Tuesday, October 18, 2011

The Kingdom is like...a man who sowed good seed in his field

The Kingdom is like…a man who sowed good seed in his field. (Matt. 13.24-30; 36-43)
 Have you ever been to a youth camp or youth retreat and just didn’t want it to end? The spirit of the camp was so alive and there was good Bible teaching and excellent worship music. You surrounded by good Christian friends and fellowship. You just didn’t want to go back home because you knew that when you returned you were going to be in a completely different environment. You’d be in an environment where you were surrounded with people who couldn’t care less about Jesus or the your commitment to follow him. In fact, they would do their best to discourage you.
Have you ever just looked around and seen people just steeped in evil or wickedness? Have you ever just wondered why God didn’t just remove them from the face of the earth? Or, at least, could God just remove them from your life?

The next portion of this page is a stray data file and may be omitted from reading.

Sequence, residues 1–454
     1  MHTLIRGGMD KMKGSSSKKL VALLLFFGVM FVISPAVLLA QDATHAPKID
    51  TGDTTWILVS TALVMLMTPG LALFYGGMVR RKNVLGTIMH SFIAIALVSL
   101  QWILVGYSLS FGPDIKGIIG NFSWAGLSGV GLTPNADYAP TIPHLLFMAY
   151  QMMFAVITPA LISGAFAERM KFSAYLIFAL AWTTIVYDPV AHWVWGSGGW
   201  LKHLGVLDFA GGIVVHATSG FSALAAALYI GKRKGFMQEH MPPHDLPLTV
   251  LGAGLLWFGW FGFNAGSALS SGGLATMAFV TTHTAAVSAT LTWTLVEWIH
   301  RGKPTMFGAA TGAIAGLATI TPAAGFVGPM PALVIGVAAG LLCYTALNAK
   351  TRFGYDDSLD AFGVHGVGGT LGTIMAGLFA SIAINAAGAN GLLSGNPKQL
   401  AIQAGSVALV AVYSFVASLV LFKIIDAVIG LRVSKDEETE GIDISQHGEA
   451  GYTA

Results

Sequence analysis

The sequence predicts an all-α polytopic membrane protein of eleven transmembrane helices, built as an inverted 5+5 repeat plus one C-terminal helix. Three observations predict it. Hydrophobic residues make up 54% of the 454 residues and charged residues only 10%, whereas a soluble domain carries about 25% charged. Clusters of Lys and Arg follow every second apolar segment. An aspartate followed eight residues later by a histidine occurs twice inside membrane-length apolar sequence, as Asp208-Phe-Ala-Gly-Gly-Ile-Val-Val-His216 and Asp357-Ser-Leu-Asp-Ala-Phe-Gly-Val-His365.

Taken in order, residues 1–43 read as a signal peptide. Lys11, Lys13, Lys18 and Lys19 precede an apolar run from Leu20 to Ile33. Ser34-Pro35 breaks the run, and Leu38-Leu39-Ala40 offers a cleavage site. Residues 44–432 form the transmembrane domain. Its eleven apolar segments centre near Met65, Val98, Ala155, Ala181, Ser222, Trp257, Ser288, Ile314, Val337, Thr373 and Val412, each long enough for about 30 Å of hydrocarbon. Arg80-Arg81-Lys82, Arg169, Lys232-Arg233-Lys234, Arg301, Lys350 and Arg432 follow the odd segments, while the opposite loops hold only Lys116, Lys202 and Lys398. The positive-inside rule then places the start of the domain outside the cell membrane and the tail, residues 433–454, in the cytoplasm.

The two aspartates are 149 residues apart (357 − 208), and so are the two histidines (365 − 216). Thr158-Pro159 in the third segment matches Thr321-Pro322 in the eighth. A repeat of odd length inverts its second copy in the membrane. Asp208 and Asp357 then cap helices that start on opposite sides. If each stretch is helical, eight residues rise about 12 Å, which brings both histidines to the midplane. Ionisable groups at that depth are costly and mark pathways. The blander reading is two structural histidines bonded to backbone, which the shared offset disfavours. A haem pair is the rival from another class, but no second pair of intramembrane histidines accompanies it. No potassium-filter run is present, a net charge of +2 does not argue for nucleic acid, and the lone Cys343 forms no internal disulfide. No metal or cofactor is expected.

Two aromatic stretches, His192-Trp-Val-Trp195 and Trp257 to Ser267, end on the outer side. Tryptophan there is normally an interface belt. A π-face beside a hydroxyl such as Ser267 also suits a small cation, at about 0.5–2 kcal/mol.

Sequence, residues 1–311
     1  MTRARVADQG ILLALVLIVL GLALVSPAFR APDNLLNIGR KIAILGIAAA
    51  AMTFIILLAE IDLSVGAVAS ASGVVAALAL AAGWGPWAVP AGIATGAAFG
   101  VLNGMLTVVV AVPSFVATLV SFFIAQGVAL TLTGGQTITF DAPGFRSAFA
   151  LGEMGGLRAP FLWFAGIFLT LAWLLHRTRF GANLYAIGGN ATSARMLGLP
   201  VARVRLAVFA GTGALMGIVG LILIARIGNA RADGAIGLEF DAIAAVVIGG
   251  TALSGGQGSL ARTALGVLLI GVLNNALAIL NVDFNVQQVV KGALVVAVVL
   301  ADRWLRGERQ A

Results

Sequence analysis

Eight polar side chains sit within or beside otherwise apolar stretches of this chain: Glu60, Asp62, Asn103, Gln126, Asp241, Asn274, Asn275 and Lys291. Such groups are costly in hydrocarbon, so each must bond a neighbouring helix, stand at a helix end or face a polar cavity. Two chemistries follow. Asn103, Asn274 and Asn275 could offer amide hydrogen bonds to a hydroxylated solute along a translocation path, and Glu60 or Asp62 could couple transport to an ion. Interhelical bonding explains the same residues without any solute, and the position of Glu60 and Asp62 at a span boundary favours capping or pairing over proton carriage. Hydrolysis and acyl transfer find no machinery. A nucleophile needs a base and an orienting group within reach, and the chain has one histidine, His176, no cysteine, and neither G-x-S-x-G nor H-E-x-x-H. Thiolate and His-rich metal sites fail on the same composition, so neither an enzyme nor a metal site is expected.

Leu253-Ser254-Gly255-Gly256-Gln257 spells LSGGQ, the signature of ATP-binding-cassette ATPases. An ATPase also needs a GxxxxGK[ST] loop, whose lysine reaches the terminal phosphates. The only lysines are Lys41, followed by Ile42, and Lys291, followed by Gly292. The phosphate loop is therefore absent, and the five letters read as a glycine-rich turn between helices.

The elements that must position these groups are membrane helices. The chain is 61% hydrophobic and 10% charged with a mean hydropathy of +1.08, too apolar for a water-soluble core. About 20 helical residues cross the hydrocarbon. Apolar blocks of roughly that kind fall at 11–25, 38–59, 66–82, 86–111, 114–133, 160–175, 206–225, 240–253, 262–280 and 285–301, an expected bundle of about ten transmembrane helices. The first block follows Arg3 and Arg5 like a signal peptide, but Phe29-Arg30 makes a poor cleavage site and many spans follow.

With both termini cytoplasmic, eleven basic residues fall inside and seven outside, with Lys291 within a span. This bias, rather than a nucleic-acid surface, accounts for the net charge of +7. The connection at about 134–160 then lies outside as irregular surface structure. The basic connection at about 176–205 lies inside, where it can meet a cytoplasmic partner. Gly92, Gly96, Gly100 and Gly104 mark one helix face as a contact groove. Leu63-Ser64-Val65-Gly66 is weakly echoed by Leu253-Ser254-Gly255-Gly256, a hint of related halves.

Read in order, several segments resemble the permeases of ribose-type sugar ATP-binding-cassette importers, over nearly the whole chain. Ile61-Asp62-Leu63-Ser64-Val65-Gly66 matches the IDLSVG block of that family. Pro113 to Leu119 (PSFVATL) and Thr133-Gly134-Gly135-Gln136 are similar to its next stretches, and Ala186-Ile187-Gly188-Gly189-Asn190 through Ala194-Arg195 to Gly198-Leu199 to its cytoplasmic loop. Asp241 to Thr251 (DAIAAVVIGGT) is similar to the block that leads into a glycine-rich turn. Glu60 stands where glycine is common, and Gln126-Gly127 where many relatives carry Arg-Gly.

I know of some people who have tried to do that in reverse, they withdrew out into a place in the country or the wilderness so they could live in community, love Jesus and each other and not be stained by the corruption of the world.
Unfortunately, that’s just doesn’t seem possible at this point. Or is it unfortunate? Maybe it is part of God’s plan? Perhaps there is a purpose for committed followers of Jesus to live in and amongst the people of this world, even those who are bent on doing evil.

Let’s look at Matt. 13:24-30.